With lockdown slowly easing, leading insurance firms* and Neighbourhood Watch are calling on homeowners to ‘protect what’s precious.’
Stay alert during the summer, as burglars try to make up for lost time.
Says Jamie Allam, CEO Amthal Fire & Security: “During lockdown, crime figures unsurprisingly dropped as we were told to stay home. However, now as more people go out to work, meet friends and try to maximise the summer holidays, burglaries are likely to rise as criminals try to take advantage of increasingly empty homes.”
Jamie added: “We should also be aware of fraudsters who are using the coronavirus pandemic as an opportunity to callously exploit people. We need to be alert at all times, for ourselves and our communities, to ensure we can all enjoy this summer holiday.”
Here are eight simple tips from Amthal Fire & Security, to ensure you are doing all you can to ensure your home and possessions are safe and secure.
Keep them out of view
Make sure all valuables and keys, including car keys, are out of sight and away from the view of windows and the letterbox – remember a device could be used to hook keys through the letterbox.
Lock Them Up!
Although it’s tempting to keep cool, leaving all windows, doors and patio doors open in the summer can give burglars the perfect opportunity. If you are upstairs, out of the room, or in the garden, even just for a few minutes, keep them locked and help shut burglars out.
Did you know, 58% of burglaries happen whilst someone is at home? Pay particular attention when you’re outside in your garden, as you may not be able to see or hear someone entering your home.
Ensure sheds, garages and outbuildings are locked and secure at all times – tidy away ladders, power tools and garden equipment after you’ve used them, don’t leave them outside where they could be used to break into your home.
Secure Your Bikes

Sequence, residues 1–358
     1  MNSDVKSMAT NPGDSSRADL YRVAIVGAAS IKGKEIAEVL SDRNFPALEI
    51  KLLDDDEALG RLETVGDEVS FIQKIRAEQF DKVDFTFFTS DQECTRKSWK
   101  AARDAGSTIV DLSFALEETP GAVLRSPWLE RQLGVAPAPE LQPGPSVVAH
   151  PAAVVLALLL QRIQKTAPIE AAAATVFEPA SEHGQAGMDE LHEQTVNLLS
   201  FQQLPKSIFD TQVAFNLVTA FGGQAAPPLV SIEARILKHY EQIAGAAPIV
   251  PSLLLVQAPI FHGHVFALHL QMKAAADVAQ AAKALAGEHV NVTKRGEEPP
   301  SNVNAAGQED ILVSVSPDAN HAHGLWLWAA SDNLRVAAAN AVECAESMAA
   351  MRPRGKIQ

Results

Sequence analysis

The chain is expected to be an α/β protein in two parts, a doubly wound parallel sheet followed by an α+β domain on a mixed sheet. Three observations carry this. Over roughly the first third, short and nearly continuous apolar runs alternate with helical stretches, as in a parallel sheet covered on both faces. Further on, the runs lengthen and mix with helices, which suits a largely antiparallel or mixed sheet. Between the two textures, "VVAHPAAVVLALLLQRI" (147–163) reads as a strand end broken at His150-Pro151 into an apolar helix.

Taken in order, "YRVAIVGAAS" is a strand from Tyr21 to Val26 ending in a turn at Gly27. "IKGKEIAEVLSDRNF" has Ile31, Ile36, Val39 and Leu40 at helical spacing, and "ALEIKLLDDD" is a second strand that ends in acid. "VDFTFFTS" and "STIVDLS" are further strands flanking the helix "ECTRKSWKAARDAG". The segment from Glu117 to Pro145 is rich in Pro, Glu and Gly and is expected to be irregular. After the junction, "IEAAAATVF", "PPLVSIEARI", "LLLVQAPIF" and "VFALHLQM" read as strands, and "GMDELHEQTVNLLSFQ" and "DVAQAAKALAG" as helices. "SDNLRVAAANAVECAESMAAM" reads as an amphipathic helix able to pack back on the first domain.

With the Government actively encouraging us all to consider cycling more as an alternative to public transport, bikes are in great demand. To ensure you keep yours safe, secure them by locking them to an immovable object inside a locked shed or garage. Make them as difficult as possible to take.
Think like a burglar and take a good look at your windows from the outside and remove potential access points where you can. Are there walls, bins or garden furniture that could be used to reach windows?
Leave nowhere to hide
Burglars don’t want to be seen or heard and if they think they’ll be noticed by a neighbour or passer-by, they’ll probably move on. Cut back hedges at the front of your property to allow for a clear view over the top and don’t provide cover for anyone wishing to hide and make sure your security lights are working. Make sure fences are in good condition, especially at the rear. Make sure gates are kept locked too.
Smart security options include video doorbells, increasingly relied upon by Police and Neighbourhood Watch to keep communities safe. Similarly, door entry integrations with Amazon Alexa allow voice control and homeowners to exactly know who is at the front door before its answered, (even when not at home!)
Smart alarms, lighting and CCTV additionally help to keep the entire home site safe and secure and can often be monitored on compatible mobiles at any time or location. Especially useful if you’re planning a holiday.
Amthal encourages homeowners to join Neighbourhood Watch’s campaign, ‘Safety in Neighbours‘ and keep a look out for unusual behaviour in their own communities.
Amthal is also supporting the UK Finance ‘Take Five To Stop Fraud’ campaign to encourage everyone to remain vigilant and to ‘stop, challenge and protect’ when they receive messages out of the blue.
Jamie concludes: “The level fraudsters have gone to exploit the pandemic situation is frankly quite frightening, impersonating trusted organisations like our amazing NHS or HMRC to trick vulnerable individuals into giving away money or information.
“We are working with Police Forces and supporting initiatives such as ‘Take Five to Stop Fraud’ to ensure we can help, but also in doing so we urge everyone to be alert and look to themselves and others to ‘protect what’s precious.’